Yesterday was Safer Internet Day – a global initiative aimed at promoting safer and more responsible use of online technology.
As a mum with kids who have cellphones, tablets, computers and gaming consoles, the issue of online appropriateness is something I am acutely aware of.
A debate about whether to allow my son online connectivity so that he can game online with his buddies is still raging in our home.
While I have to concede the internet is an essential and valuable resource for me, I am also aware of its dangers – especially for the vulnerable or innocent. And as my children have begun utilising the internet more and more, I’ve had to give serious thought to how I can guide them in using it responsibly.
Because it’s not practical to completely ban kids from the online world, it’s essential to look at the alternative – teaching them more responsible habits, and teaching yourself to be more vigilant.
Google SA offers the following tips on fostering a safer internet in your household:
Talk, talk, talk
Have frank discussions with your family about online safety, the rules and expectations around online use, what sites are or aren’t appropriate, and the consequences of breaking the rules.
It’s a no-brainer that kids should feel comfortable talking about online safety – it ensures that they will have no reservations about coming to you when they have questions or are unsure of how to handle difficult situations online.
The most effective course of action is to get involved.
Think of it like this: you’re allowing your child into a public playground with all kinds of possibilities and threats – you wouldn’t let them out of your sight. The internet is no different – you need to use technology together, and learn about it together.
The younger your kids are, the more strongly you will need to participate in their web use. This may involve more than simply installing a parental control on your home browser.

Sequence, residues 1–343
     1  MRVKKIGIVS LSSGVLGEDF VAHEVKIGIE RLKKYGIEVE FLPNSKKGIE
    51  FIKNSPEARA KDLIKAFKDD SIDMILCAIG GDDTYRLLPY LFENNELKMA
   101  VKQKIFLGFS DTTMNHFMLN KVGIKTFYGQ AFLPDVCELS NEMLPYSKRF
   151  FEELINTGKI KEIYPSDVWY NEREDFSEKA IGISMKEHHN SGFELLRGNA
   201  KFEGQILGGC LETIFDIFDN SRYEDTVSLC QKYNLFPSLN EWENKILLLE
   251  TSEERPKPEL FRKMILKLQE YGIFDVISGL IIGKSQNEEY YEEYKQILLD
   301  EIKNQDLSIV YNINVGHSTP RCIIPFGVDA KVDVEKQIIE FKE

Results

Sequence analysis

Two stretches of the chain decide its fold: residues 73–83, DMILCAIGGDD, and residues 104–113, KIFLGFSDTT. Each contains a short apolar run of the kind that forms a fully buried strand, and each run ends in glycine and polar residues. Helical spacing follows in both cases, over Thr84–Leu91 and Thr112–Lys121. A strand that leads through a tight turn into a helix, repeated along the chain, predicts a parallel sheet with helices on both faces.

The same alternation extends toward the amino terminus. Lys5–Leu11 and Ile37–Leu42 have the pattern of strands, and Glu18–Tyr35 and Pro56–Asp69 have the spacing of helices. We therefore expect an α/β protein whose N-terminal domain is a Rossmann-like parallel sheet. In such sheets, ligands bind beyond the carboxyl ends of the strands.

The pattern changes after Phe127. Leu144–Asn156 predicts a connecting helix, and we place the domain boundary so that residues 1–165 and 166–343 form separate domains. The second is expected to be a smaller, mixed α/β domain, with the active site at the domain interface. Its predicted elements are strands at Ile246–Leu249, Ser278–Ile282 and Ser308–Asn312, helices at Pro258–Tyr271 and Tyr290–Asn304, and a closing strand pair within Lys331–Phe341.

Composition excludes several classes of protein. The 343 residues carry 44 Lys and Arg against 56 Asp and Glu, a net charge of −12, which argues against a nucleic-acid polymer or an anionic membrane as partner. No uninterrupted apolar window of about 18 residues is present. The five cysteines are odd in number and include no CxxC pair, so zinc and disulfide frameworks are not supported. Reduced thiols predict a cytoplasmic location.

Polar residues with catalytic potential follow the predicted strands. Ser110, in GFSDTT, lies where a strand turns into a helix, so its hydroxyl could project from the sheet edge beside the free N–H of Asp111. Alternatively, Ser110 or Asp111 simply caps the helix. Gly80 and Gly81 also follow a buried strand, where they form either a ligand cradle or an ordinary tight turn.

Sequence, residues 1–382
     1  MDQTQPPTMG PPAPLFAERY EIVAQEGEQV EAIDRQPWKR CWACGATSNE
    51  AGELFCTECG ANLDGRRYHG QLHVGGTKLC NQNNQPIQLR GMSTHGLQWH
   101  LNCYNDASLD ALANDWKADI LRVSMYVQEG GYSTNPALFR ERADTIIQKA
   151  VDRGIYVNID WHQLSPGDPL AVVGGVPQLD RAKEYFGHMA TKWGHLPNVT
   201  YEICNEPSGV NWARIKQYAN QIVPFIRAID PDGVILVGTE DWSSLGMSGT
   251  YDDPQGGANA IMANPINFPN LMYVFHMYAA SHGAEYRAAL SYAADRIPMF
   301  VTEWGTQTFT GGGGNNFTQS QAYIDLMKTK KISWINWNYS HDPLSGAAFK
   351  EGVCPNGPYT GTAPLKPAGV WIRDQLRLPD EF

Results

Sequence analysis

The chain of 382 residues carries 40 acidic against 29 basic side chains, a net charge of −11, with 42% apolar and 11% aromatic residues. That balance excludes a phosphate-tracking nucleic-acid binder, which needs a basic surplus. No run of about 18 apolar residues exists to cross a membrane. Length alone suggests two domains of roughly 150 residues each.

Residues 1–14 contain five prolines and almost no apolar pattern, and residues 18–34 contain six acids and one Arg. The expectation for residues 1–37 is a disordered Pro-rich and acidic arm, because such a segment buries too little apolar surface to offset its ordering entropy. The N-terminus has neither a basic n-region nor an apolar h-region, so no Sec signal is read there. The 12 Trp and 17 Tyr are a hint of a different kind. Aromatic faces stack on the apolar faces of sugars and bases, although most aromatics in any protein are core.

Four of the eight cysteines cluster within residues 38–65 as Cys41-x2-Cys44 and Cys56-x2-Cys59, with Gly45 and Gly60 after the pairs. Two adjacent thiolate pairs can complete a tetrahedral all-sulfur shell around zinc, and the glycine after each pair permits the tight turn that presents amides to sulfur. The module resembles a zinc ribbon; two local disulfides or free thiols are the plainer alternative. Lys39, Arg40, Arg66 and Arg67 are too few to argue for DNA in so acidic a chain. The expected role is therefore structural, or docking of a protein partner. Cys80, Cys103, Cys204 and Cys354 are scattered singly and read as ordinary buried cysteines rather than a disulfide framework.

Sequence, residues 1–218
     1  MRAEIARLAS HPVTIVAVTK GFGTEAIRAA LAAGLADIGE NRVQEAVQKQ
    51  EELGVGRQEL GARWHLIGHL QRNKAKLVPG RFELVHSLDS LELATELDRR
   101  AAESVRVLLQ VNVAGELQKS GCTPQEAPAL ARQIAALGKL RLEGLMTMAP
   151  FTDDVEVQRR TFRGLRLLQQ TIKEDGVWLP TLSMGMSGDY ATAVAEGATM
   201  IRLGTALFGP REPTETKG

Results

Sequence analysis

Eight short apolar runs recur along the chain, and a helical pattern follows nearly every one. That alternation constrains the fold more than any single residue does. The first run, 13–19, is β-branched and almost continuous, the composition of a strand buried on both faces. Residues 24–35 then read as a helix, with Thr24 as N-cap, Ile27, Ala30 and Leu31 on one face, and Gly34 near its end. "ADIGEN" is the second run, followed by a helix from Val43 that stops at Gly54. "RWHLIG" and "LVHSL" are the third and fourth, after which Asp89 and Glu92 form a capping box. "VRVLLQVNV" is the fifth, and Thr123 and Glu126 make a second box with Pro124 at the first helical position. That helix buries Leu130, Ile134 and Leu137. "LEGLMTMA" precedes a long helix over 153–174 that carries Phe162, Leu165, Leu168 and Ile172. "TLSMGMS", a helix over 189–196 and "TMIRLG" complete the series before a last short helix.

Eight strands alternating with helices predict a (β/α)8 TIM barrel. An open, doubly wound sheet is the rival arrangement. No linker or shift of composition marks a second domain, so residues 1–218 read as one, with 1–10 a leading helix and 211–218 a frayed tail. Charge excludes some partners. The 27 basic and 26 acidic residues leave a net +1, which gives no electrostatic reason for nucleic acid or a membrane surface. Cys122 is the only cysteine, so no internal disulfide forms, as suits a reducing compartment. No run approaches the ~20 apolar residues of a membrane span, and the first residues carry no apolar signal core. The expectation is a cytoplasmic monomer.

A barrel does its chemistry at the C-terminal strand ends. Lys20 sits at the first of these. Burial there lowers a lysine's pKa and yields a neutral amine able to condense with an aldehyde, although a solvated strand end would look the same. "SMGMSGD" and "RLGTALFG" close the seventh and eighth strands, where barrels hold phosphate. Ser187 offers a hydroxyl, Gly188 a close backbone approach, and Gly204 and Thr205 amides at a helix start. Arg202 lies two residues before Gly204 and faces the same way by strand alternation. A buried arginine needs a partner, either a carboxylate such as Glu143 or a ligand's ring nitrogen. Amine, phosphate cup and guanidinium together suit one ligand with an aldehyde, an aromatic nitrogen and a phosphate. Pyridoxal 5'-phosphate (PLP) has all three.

Stay up to date
Many adults are not fully aware of what new devices and apps can do.
If your kids are old enough to own their own devices, it’s best to understand what’s installed on their cellphones, tablets and gaming consoles, and of course, what they’re capable of.
The internet has a number of protocols that can help you protect your computer and its access to less desirable parts of the web.
Simple searches for online safety will bring up a host of tools available to parents to help them safeguard their kids.
I looked up the Google Safety Centre which is a comprehensive site to help you understand online safety and where to start in securing the computer/s your kids have access to.
Key to safe browsing is setting up safe passwords and impressing on your kids not to share them with anyone.
Make sure your children develop a habit of signing out of online accounts.
As soon as kids begin accessing the internet, they should be taught exactly what kinds of information should never be revealed online.
Names, addresses, details of family and friends etc – predators feed on this information.
Kids are taught about “stranger danger” from a young age at schools. This approach applies to the web more than ever.
Familiarise yourself with the privacy settings on sites you as well as your children use, and use the settings to decide who can see content before you post it.
Again, talk about what is appropriate to share on social media sites.
Take note of age restrictions on some sites – they’re there for a reason.
Encourage responsible online communication by teaching your children that if they wouldn’t say it to someone’s face, they shouldn’t say it online.
You also need to guide your kids on what to do if they feel uncomfortable with an experience on the web. Cyberbullying, for example, has become a serious issue, and may have legal implications.
Assuring your child that they can tell you when something feels wrong is very important. Talk, talk, talk…
In general, parent must stay active and involved. Technology and the way we use it is evolving, so it’s important to stay up to date and to review and revise your ground rules as you go, and as your kids grow.[contact-form-7 404 "Not Found"]
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